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The House Committee on Oversight and Government Reform highlighted wasteful federal spending on Thursday, holding a hearing that cited numerous examples of the practice, but few successes in eliminating it.
The hearing led with testimony from Senate Homeland Security and Governmental Affairs Committee Chairman Tom Carper (D., Del.) and Ranking Member Tom Coburn (R., Okla.), whose recent release of the 2013 Wastebook identified over $30 billion in frivolous government spending.
Coburn said the problem of government waste is not caused by a lack of bipartisanship in Washington.
“My take is we get along too well,” he said. “We have presidents that come and go, Congresses who come and go, and we still have government waste. Why is that?”
“The problem isn’t that we don’t know what the problem is,” Coburn said, “it’s that we don’t act on the problem.”
The hearing exposed a lengthy list of examples, including $9 billion in tax breaks and loans to the wealthy that saw farm subsidies going to Ted Turner, Jon Bon Jovi, and former NBA player Scottie Pippen.
Thomas Schatz, the president of Citizens Against Government Waste, testified to the numerous overlap in federal programs. “Analysis is virtually non-existent” for the 47 job training programs across nine agencies, he said, which cost $18 billion in fiscal year 2009.
Thirteen agencies administered 209 science, technology, engineering, and math (STEM) programs totaling $3.1 billion in FY 2010, though the United States still lags behind other countries in the STEM field.
“Most absurdly,” Schatz said, there are 56 programs from 20 different agencies devoted to promoting financial literacy “intended to improve the fiscal acumen of the American people.” Fifteen of those programs cost $30.7 million in FY 2010.
“While it would be funny if it wasn’t so sad a government that itself is going broke should not [be] spending any money trying to teach others how to balance their checkbook,” Schatz said.
“We have 679 renewable energy programs from 23 different agencies costing $15 billion a year,” Coburn said. “Can anyone logically say why we would need 679 programs?”
Coburn said the federal government has “grown so massive” that only one department—the Department of Education—actually knows how many programs it runs.
“Before you can fix anything you have to know what’s there,” he said. “We haven’t looked.”
“The problem is us,” Coburn said.
At one point in the hearing Rep. Jackie Speier (D., Calif.) held up a piece of plumbing pipe that she said cost her $1.41 at a hardware store. The Pentagon paid a contractor $80 for the same part, she said.
“It’s outrageous,” Speier said. “We have a Defense Logistics Agency, it’s our hardware store. I hope to God we do something about this.”
A report released by the National Taxpayers Union (NTU) and U.S. PIRG found that ending excessive inventory and obsolete spare parts for the military could save $3.9 billion.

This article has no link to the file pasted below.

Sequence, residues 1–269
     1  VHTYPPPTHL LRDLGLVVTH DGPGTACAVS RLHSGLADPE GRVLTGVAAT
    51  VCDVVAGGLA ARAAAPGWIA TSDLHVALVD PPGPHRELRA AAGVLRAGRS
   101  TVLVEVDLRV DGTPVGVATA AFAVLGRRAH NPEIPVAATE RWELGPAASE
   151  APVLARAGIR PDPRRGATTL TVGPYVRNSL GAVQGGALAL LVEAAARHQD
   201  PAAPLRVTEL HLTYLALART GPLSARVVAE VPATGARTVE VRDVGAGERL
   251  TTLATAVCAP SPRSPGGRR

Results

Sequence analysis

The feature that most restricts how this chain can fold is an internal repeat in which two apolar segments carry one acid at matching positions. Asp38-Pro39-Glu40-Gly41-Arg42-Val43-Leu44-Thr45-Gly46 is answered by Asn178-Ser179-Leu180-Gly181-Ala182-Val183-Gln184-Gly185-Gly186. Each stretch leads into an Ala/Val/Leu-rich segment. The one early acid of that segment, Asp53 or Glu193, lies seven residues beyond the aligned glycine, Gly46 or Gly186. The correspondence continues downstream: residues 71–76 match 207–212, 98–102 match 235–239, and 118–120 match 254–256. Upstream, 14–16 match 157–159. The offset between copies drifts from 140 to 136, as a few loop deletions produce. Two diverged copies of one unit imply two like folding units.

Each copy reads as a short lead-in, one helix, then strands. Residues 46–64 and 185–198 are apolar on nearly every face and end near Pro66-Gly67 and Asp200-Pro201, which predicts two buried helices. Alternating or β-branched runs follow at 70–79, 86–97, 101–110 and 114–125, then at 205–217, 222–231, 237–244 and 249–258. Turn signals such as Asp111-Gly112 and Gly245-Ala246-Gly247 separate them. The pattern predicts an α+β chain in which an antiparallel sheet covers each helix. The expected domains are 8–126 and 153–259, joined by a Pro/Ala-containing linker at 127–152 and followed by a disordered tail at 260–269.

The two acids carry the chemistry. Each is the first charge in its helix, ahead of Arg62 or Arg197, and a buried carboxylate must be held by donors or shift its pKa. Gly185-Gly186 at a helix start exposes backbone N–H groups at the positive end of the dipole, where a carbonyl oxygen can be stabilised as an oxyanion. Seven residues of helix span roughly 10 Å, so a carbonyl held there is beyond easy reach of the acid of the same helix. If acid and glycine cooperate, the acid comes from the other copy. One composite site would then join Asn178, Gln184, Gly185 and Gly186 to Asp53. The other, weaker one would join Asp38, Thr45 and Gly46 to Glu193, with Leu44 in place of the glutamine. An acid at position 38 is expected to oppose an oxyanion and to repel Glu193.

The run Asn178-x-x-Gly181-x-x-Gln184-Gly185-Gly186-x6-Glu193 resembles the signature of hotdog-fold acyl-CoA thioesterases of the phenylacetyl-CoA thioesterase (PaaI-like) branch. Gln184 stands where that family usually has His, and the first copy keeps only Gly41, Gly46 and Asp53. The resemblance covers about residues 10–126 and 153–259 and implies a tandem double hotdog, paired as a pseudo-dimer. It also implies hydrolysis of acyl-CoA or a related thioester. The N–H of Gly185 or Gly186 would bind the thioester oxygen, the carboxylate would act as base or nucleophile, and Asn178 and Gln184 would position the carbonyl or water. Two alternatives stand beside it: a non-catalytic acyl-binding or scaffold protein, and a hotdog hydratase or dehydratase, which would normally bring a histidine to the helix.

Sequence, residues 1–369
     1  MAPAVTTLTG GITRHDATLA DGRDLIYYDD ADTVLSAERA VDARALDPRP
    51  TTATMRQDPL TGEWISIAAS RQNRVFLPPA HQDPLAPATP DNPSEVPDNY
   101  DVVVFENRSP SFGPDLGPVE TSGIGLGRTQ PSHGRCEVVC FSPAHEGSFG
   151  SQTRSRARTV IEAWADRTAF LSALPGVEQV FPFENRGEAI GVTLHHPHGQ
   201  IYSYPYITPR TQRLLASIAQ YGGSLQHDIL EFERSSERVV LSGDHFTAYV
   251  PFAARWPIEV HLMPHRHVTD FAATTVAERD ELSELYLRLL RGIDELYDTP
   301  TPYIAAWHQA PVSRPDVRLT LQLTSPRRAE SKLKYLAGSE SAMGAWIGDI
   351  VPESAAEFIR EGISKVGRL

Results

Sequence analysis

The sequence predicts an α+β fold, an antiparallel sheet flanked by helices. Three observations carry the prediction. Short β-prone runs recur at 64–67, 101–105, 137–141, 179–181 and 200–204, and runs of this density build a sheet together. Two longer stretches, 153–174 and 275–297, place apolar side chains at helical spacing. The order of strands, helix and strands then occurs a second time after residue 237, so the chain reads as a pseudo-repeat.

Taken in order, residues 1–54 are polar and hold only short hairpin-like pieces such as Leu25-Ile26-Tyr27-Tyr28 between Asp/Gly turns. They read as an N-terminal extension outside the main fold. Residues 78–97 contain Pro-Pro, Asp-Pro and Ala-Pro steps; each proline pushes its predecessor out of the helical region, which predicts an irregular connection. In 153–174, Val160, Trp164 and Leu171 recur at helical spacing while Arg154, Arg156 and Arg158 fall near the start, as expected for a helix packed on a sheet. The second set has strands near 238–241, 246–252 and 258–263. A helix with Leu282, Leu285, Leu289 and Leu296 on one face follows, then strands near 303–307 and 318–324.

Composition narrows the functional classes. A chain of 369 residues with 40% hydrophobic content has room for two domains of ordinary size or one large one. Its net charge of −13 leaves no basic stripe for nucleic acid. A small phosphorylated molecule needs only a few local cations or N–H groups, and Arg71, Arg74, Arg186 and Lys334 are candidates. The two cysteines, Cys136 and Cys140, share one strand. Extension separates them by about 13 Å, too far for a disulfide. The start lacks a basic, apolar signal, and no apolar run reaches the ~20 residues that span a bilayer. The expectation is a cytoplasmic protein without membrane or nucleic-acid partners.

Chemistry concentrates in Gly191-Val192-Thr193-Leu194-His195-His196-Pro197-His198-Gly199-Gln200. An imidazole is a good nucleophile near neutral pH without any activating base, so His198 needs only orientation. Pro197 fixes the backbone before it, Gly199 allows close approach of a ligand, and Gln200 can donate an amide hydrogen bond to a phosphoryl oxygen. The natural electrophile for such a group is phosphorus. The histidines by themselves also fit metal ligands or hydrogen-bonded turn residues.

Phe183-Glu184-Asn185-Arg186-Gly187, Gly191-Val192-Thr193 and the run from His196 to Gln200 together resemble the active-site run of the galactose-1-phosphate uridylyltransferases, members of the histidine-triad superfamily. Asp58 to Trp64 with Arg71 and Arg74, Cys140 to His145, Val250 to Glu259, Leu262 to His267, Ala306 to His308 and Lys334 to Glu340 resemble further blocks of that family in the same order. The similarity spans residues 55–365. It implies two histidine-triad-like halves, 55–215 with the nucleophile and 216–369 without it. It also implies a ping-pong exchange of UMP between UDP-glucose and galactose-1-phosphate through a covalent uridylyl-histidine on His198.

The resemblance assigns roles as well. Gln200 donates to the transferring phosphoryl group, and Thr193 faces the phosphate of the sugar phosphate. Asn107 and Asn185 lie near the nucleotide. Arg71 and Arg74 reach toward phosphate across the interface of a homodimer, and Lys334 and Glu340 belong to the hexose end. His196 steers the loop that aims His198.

Coburn said there is a minimum of 20 percent waste in the Pentagon’s budget, largely because the DOD is unable to audit its own contracts. “It’s a mess,” he said. “You cannot manage what you cannot measure. The Pentagon can’t hardly measure anything.”
Rep. John Mica (R., Fla.) lamented Amtrak’s recent $72 million loss on food services, and a ballooning Transportation Security Administration (TSA) that now has 15,000 administrators and 66,000 employees. He also referred to his attempts to close unused, vacant federal buildings that cost taxpayers $1.5 billion a year.
“You gotta just keep going after the bastards until you’re successful,” Mica said. “I don’t know what else you can do.”
The hearing did identify several small victories in curbing government waste.
Rep. Tammy Duckworth (D., Ill.) said she was successful in saving $82 million by returning the military to a single camouflage pattern after offering an amendment to the National Defense Authorization Act.
The Ultra-Deepwater Natural Gas and Petroleum Research program, a project that seeks to expand petroleum production, was also cut in last month’s bipartisan budget deal, saving taxpayers $50 million.
That was just one of the 65 recommendations in the joint NTU and U.S. PIRG report that identified $500 billion in savings over 10 years.
“That’s one down and 64 to go,” Brandon Arnold, vice president of government affairs for NTU, said. “There’s a lot of work to be done.”
Mica said the General Services Administration (GSA) scandal last year where hundreds of thousands of taxpayer dollars were wasted on lavish conferences in Las Vegas has allowed Congress to target other agencies.
“I have to give most credit to the guy in the hot tub—the GSA guy in the hot tub,” he said, “because he made it go viral.” Mica recently issued a report that found the government could save $500 million a year by cutting conference spending at the IRS, GSA, VA, and DOD.
“It’s not hard,” Coburn said. “Low hanging fruit, it’s all over but it requires work. It means we have to move it through the process.”
Chairman Darrell Issa (R., Calif.) said he would guarantee a vote on any bill addressing government waste in his committee.
“There’s a lot more than we can do,” Issa said. “We will, in fact, move what you move, if you two [Coburn and Carper] can agree to it, because that’s the beginning of chipping away $1 billion at a time.”
Carper said cutting waste is a bipartisan issue, and Republicans and Democrats alike decried profligate spending during the hearing. “The key is to find that 80 percent that we agree on—all of us,” Carper said.
“It’s about perspective,” Coburn said. “What would you do if it was your money rather than somebody else’s money?
“And that’s the problem, we don’t treat it as our money.”